As Defra ministers explore how to realise their ambition to restore nature in a generation through their 25 year plan, I trust they are thinking about the relative merits of the different tools they have at their disposal to make it easy for people to do the right thing: regulation, incentives, market based instruments and persuasion (resulting in voluntary action).
Money is, of course, tight and the forthcoming Comprehensive Spending Review is set to make things more challenging. In addition, most market-based solutions are still at the testing phase. So, the relative merits of regulation and voluntary action are again subject to debate.
This is why we have today have launched a new report (here) into the performance of voluntary approaches in achieving policy goals.
We undertook this research, the largest assessment of its kind, for the simple reason that how the Government chooses to tackle threats to nature and encourage enhancement is central to its effectiveness. What is the best way to reduce harmful activities like habitat destruction, water pollution, wildlife crime and the spread of non-native invasive species and what is the best way to encourage people to work together to restore wildlife at a landscape-scale?
Concerns about the costs of regulation to business have led both UK and EU policymakers to promote the use of voluntary alternatives to regulation in seeking to achieve environmental their policy objectives. Jndeed, in the UK, we now have a policy of using regulation only as a last resort.
Yet, up until now there has been no evidence to determine the implications of this fundamental policy shift for important environmental protections.
What are the findings from the RSPB research?
My colleague Donal McCarthy led the research to understand whether such approaches actually worked in practise. He looked at schemes from around the world and in a variety of sectors to see whether there were lessons to be learned or best practice principles to uncover.
The results are pretty stark...
...over 80% of schemes were found to perform poorly on at least one performance indicator.
...the majority of schemes set relatively unambitious targets or failed to achieve their key targets.
... many were undermined by low rates of private sector participation and the resultant lack of a ‘level playing field’ for those participants that sought to improve their performance.
Most significantly, the research found nothing to support the claim that voluntary approaches can be an effective alternative to regulation. The research also failed to uncover significant difference in performances between countries or between different economic sectors.
What the research did uncover were two common features for success with voluntary approaches: they succeed when private interests are aligned with social interests or where there is a real and credible threat of regulation.
Do voluntary approaches provide a cheaper alternative?
A main motivation driving the enthusiasm for voluntary approaches has been an assumption that they are cheaper to administer than regulatory alternatives. Clearly a consequence of voluntary approaches is that the costs of monitoring and enforcement are transferred from the public to the private sector.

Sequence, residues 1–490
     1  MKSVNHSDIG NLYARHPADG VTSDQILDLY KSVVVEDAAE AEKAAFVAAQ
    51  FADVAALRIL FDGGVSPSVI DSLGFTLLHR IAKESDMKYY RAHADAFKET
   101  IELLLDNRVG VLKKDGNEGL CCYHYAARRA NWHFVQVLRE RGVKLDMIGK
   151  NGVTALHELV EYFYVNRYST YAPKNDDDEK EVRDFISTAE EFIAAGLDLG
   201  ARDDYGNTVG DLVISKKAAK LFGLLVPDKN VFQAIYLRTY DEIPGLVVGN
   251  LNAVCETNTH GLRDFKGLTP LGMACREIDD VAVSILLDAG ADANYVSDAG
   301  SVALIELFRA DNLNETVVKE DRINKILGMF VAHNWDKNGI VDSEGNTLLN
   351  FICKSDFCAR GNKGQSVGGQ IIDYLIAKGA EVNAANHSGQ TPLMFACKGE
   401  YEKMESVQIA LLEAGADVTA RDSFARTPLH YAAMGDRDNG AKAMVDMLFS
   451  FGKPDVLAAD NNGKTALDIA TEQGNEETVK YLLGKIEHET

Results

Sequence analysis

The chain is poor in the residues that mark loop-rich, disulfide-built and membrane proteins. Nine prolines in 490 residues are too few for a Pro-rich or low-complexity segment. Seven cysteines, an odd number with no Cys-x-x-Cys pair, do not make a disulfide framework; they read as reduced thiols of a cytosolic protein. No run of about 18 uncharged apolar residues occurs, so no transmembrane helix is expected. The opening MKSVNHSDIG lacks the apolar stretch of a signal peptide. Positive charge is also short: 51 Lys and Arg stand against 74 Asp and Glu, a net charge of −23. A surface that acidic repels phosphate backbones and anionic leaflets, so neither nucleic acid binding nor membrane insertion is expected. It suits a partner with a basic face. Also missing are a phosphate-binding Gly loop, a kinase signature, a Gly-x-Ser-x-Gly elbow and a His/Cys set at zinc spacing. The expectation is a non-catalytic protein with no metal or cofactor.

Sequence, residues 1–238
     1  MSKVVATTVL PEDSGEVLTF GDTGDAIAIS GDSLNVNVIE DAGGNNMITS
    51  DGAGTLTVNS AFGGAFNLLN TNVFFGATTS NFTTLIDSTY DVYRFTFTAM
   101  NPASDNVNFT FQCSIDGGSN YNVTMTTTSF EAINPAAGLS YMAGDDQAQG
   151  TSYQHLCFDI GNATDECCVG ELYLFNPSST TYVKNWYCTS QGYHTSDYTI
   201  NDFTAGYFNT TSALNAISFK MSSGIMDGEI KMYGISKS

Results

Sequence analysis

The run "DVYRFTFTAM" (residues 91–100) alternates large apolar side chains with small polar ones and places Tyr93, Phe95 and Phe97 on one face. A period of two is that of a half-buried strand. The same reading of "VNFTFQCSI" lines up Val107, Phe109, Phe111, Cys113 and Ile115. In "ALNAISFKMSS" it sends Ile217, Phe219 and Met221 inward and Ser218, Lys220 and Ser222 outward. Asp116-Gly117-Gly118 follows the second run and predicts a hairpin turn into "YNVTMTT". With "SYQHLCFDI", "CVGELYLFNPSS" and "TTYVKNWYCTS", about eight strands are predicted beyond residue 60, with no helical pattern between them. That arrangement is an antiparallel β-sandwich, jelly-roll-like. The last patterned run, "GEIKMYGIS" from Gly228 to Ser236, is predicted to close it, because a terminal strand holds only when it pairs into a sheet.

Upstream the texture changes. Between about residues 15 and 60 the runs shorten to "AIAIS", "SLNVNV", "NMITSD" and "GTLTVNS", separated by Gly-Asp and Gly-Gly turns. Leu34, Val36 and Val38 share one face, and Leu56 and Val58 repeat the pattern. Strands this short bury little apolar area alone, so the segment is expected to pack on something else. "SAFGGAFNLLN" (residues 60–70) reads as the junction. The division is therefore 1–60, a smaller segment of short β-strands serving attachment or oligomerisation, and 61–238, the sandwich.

We found no compelling evidence to suggest, for the schemes that actually work, these costs are lessened.
What does this mean for Defra’s ambitions for nature?
For me, this research confirms the centrality of regulation, such as the EU Nature Directives, in guaranteeing effective Government action to achieve its ambitions to restore and enhance biodiversity. And that would mean fully implementing measures such as Article 3 of the Birds Directive and Article 10 of the Habitats & Species Directive which mandate action in the wider countryside to benefit the populations of protected species.
It does not, however, mean we should abandon our efforts to find more cost effective means to delivering public policy. We will continue to support the Government’s efforts to improve the efficiency of regulation and will, of course continue to support existing voluntary schemes designed to meet their objectives.
Over the years, the RSPB has developed an impressive track record when it comes to innovative alternatives to command and control approaches. For example, we were very active partners in the SCaMP (Sustainable Catchment Management) scheme, set up to change regulations to allow for different approaches to water quality management.
With significant investment from United Utilities, and with agri-environment scheme funding from Natural England, SCaMP in Bowland delivered 7,000 ha of improved moorland and blanket bog management, new areas of upland native woodland, and wetland management
We’ve also been keen advocates of market based solutions, in preference to regulation, such as cap and trade schemes like the EU Emissions Trading Scheme and we were pioneering voices in the green tax debates – about using the fiscal system to encourage behavioural change, not just raise revenue.
Currently we are pursuing innovative ‘payment for ecosystem services’ schemes, looking into the usefulness of ‘conservation covenants’ and working on new ideas to compensate for biodiversity loss through the planning system.
We will remain innovators and seek new solutions but, where regulation is the most effective and efficient toll to adopt, we shall say so and expect governments to follow suit. In that way, they will be doing what nature needs and what works for people.
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© The Royal Society for the Protection of Birds (RSPB) is a registered charity: England and Wales no. 207076, Scotland no. SC037654
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